Anyways, a thought-provoking article as always, Darren.


    :) Zach

  4. Mickey Mortimer Says:

    Hmm… a few comments.

    I thought the cervical spines were circular in cross section as in Dimetrodon and thus more likely to take part in a sail (Bailey, 1997).

    Couldn’t paddle-shaped neural spines just as easily be a diplodocoid symplesiomorphy lost in diplodocids? Or do basal rebbachisaurids lack them?

    Finally, since single neural spines are the primitive condition for diplodocoids, wouldn’t that suggest the laminae on the dual-spined vertebrae are split versions of the ancestral lamina rather than the other way around?

  5. Darren Naish Says:

    Hi Mickey. The spines are indeed circular in cross-section and taper to points. Believe it or don’t, I didn’t have Dimetrodon and kin in mind when thinking of this, and the fact that round-in-cross-section neural spines are consistent with a sail would mean, yes, that paired sails are possible. However, the fact that these sails would be on the neck still seems to be a problem – to justify that argument I’d need to discuss neck flexibility however and I’d rather do that at another time.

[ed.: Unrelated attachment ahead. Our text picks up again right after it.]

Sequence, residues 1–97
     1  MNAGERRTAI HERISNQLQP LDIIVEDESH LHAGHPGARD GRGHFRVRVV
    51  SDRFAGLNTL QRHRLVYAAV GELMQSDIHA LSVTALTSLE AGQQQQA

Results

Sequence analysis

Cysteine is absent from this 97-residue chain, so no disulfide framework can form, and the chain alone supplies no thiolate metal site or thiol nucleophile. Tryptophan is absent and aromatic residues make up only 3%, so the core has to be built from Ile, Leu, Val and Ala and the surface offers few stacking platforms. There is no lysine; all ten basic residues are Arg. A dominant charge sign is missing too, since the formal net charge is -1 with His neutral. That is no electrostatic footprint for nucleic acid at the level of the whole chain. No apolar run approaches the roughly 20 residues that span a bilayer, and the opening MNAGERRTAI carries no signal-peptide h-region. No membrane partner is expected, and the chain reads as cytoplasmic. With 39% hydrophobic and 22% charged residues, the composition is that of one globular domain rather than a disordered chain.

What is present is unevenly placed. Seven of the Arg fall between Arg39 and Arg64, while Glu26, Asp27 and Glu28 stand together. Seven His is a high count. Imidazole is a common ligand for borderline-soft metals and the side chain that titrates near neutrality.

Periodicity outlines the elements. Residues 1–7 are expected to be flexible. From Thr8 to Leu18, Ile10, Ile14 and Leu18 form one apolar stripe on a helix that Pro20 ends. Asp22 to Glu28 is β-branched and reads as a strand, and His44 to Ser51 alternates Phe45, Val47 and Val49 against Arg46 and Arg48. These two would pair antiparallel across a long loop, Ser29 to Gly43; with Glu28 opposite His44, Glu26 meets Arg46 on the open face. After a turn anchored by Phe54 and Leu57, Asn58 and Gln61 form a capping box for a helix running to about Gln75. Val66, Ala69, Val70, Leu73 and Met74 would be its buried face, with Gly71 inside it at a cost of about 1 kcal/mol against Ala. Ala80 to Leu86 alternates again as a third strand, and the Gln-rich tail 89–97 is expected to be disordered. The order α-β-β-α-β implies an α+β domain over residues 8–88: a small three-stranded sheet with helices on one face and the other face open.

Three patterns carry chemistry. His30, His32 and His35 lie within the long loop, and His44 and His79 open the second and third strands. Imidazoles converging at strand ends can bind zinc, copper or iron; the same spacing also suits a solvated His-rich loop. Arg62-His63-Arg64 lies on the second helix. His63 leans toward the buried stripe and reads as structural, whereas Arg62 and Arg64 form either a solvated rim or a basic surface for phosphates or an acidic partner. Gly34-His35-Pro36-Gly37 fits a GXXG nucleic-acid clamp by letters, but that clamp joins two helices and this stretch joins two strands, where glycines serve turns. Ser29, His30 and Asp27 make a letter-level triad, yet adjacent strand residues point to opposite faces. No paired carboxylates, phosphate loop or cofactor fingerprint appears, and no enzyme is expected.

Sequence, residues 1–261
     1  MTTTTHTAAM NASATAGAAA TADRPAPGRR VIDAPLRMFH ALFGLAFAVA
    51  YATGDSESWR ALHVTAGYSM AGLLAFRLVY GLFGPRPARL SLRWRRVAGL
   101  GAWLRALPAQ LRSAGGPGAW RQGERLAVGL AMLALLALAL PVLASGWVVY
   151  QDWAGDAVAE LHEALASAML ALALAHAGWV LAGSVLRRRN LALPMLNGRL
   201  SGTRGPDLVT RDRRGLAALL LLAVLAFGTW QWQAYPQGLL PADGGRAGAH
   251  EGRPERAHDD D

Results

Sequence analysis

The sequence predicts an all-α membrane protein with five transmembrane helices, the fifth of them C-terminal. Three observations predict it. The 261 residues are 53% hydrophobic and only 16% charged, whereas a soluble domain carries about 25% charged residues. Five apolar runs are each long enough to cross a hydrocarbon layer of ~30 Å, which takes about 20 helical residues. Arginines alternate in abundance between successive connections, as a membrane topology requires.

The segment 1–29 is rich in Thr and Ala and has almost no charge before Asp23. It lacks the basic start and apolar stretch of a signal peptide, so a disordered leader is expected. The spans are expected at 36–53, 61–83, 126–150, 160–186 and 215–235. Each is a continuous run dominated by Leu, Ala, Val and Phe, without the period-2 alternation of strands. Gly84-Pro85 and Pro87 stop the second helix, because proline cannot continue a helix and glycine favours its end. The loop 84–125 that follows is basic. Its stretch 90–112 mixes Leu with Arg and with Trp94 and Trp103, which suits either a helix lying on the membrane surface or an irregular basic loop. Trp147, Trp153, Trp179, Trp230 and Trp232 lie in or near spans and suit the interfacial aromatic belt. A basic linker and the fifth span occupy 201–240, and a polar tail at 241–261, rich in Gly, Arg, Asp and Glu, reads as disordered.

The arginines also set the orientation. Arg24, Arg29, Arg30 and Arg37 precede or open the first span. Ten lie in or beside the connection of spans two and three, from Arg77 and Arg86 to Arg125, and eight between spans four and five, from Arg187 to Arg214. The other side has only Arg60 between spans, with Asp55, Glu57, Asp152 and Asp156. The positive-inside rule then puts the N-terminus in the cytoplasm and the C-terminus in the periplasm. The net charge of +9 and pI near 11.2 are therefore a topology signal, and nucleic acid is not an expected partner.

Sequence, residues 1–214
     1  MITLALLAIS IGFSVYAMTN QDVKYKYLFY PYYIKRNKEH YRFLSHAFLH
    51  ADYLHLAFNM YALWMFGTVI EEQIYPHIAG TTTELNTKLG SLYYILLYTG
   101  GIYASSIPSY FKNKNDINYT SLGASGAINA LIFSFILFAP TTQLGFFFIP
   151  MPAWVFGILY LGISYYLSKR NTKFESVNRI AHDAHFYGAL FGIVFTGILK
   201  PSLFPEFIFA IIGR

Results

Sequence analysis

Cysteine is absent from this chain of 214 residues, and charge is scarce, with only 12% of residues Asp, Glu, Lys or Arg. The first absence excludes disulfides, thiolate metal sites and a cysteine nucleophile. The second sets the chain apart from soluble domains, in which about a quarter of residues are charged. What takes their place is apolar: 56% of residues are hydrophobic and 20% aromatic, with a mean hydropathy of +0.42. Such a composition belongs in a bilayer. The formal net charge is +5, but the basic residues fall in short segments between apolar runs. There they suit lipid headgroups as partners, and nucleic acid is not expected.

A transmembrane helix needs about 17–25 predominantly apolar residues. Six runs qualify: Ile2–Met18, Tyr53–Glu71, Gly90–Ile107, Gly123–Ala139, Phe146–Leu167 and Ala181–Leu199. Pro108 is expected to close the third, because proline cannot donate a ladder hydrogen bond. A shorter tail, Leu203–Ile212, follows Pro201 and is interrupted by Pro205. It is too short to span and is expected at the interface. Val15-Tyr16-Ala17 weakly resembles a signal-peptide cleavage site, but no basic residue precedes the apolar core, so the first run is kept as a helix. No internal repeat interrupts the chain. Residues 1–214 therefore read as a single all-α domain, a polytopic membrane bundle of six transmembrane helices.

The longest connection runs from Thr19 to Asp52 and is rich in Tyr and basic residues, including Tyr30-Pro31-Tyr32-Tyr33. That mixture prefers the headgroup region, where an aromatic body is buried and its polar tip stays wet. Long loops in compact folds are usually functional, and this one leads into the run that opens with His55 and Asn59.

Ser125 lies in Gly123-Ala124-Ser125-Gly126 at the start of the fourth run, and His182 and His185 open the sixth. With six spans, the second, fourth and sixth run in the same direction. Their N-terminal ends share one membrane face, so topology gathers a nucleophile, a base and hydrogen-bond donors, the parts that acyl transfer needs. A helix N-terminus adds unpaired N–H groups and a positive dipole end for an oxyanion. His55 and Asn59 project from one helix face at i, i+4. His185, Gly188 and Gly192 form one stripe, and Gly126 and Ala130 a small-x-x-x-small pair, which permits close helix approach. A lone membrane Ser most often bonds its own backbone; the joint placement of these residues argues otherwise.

Polarity of paddle-shaped neural spines: what you propose (that paddle-shaped neural spines were primitive for diplodocoids but lost in diplodocids) is plausible. However, MACN PV N35, a mid or posterior rebbachisaur dorsal described by Apesteguía (2007), doesn’t have a paddle-shaped spine, and is apparently a basal member of the group. Nigersaurus, which is a basal rebbachisaurid in some analyses (Gallina & Apesteguía 2005) also seems to lack this condition. We need more information to better evaluate the distribution of this character.

    On the PRSL being a combined pair of SPRLs vs the SPRLs being a split PRSL, note that I said that ‘the PRSL looks like a composite formed from the fusing of the two SPRLs’, not that it IS a fusion of the two SPRLs. I agree with your reasoning and think it more likely that paired SPRLs represent the derived condition relative to the single PRSL.

    Refs – –

    Apesteguía, S. 2007. The sauropod diversity of the La Amarga Formation (Barremian), Neuquén (Argentina). Gondwana Research 12, 533-546.